Emerald Genetics isn’t just a cannabis collective, it’s a “revolutionary solution to major sociological and economic problems [that] many depressed communities face,” explains founder, Matthew Smith-Caggiano.
In 2014, Caggiano established the hyper-local medicinal marijuana collective with the intent of creating a unified effort to support the Northern California economy. The company is a collaboration of professionals including; veterans, doctors, real estate agents, biologists, business owners and educators.
“We’re a collective of veterans and community members trying to help lead a new way of business. We have the knowledge and experience working in large teams to accomplish great visions,” he added, “Not only do we strive for best quality products, but we strive for doing things right in all phases of business as well as giving back to our community.”
In accordance with the company’s motto — “Environment, Community and Cannabis” — Emerald Genetics works in coordination with individuals and organizations within and outside of the cannabis community, including regulatory and governmental agencies such as; the Humboldt County Board of Supervisors, Eureka City Council, the Humboldt County Sheriff’s Department, and the Humboldt County Department of Health & Human Services.
Like many entrepreneurs that define the industry, the decision to found Emerald Genetics came to Caggiano after profound personal experiences.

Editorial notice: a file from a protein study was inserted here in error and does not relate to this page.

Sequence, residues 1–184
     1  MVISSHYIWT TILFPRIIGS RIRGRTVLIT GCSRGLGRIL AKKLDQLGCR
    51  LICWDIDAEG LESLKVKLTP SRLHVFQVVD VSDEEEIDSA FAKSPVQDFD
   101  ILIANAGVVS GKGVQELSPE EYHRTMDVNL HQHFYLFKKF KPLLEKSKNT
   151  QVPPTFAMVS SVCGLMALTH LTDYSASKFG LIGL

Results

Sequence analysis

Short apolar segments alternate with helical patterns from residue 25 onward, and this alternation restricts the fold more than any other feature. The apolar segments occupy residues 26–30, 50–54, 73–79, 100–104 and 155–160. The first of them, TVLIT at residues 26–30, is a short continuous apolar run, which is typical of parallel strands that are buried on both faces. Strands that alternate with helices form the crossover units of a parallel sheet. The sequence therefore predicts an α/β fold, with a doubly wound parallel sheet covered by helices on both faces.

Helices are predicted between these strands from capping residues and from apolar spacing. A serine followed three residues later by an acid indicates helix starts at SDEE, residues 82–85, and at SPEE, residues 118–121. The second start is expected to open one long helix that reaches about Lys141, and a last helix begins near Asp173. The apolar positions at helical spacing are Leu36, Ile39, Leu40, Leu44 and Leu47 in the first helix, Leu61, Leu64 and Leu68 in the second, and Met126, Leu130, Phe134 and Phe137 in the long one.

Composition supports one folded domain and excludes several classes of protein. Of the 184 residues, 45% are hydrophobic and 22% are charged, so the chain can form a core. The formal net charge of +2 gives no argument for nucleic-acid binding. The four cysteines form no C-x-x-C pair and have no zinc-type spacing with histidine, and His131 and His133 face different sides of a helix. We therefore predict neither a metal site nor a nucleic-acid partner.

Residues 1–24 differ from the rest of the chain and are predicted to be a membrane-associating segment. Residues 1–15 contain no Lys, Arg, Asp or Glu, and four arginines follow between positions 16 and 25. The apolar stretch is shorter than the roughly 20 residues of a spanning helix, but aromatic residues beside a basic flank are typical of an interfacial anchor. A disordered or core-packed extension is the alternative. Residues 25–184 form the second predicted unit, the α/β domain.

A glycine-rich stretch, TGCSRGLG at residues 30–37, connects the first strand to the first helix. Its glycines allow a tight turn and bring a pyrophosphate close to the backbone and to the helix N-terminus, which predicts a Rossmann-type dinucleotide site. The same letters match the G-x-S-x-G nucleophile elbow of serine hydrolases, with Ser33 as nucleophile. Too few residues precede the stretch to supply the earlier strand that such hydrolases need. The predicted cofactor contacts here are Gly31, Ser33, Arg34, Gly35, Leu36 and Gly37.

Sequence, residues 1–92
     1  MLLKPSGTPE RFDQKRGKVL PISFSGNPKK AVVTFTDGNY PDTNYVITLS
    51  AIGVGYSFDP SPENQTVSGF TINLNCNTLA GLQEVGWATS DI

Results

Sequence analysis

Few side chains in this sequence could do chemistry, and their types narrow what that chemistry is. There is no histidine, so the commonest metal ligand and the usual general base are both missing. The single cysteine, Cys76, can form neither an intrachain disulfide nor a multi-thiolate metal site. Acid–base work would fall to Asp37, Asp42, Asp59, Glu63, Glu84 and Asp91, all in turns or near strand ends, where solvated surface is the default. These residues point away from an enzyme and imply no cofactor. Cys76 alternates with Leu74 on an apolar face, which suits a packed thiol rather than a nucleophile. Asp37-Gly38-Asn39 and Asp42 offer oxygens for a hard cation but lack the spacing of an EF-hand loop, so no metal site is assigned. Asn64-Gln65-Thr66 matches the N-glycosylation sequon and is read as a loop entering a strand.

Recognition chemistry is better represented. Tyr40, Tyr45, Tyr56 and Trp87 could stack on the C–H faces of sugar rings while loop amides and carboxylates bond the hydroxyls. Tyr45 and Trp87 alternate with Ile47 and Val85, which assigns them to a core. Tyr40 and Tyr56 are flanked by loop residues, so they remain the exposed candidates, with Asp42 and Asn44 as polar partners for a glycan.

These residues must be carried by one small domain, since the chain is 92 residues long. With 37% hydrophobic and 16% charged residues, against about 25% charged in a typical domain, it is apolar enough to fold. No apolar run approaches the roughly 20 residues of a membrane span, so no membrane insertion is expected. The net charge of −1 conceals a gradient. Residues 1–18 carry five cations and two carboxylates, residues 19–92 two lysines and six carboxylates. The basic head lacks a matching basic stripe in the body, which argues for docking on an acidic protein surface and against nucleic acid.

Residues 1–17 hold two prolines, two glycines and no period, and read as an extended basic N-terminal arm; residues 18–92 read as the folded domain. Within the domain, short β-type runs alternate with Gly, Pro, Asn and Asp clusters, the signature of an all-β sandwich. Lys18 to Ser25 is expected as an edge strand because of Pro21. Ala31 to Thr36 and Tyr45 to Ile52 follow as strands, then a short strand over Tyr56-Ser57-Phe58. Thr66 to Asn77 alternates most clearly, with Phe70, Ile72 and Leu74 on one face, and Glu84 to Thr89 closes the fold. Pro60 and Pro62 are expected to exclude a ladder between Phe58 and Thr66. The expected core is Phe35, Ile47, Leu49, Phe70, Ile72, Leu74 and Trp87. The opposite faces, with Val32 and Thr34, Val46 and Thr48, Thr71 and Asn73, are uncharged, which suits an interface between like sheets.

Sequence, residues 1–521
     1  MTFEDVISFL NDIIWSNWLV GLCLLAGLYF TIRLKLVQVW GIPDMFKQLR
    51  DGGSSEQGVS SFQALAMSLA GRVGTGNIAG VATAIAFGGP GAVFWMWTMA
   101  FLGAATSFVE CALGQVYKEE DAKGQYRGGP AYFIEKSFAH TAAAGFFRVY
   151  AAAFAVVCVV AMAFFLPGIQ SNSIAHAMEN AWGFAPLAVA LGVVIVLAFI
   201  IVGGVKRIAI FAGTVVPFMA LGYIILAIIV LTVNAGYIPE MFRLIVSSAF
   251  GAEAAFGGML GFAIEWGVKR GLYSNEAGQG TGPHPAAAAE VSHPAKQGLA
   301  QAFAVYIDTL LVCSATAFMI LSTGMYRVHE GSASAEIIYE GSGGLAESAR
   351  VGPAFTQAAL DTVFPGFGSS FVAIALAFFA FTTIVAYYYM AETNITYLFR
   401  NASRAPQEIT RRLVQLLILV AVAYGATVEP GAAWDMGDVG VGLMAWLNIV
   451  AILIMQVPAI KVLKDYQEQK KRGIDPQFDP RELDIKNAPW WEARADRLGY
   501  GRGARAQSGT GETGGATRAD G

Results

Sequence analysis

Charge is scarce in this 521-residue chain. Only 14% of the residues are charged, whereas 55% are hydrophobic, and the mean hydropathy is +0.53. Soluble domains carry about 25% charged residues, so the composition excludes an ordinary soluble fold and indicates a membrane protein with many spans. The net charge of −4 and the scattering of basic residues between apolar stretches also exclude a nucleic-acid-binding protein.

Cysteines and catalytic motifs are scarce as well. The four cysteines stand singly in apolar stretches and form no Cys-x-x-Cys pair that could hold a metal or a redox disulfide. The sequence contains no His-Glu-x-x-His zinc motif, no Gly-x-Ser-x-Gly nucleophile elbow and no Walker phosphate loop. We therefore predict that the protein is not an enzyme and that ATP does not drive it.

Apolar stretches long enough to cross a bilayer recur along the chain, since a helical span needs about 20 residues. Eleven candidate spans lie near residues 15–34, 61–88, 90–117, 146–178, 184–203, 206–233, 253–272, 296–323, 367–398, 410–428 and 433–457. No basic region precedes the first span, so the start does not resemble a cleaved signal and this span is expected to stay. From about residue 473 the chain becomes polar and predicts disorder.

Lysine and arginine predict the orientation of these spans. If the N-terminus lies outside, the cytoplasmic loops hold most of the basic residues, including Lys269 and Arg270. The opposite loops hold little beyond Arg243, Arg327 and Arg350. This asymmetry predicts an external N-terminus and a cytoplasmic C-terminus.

He joined the cannabis revolution in 1992 while attending high school in Harrisonburg, Virginia. “Cannabis was highly persecuted in the southern states but its presence still remained, although in brick form with stems/seeds,” he explained. “I was amazed how this wonderful plant could come from a seed, then started treating seeds like gold and experimenting with genetics at about 16 years old.”
He soon learned “how much safer cannabis was than alcohol when some co-workers wanted to camp out after work and teased me when I wanted to grab my herb, rather than get drunk.” The next day, Caggiano awoke in the hospital, “lucky to walk again or be alive after falling down a cliff by a river. My Cannabis philosophies became convictions through this experience and I denounced alcohol for the last year of high school in favor of herb.”
After high school, Caggiano joined the U.S. Air Force at age 17 with an enlistment date of 9/11/1996. “Despite all my friends consuming cannabis leading up to entry, I had to give it up for a better chance at life.”
During his service, he again witnessed alcohol’s potentially destructive effects, as “consuming alcohol was a huge part of relieving stress in the military,” he said.
Just three months from his 21st birthday, “I was pulled over on base and blew a .07 which is under the .08 legal limit. Since I was not officially 21, and although I could have died for my country at 18 years young, the Air Force reduced my rank/pay […]” he added. “I managed a $40,000,000 test aircraft and was responsible for pilot’s lives but could not have a beer.” Soon after, he enrolled in college to study biology.
When offered reenlistment, Caggiano decided his “freedom was priceless,” left the military exactly one year before 9/11, and moved to San Luis Obispo, California where he found his first connection to Californian cannabis. “It was one of the most liberating feelings of my life, besides driving off the military base,” he said.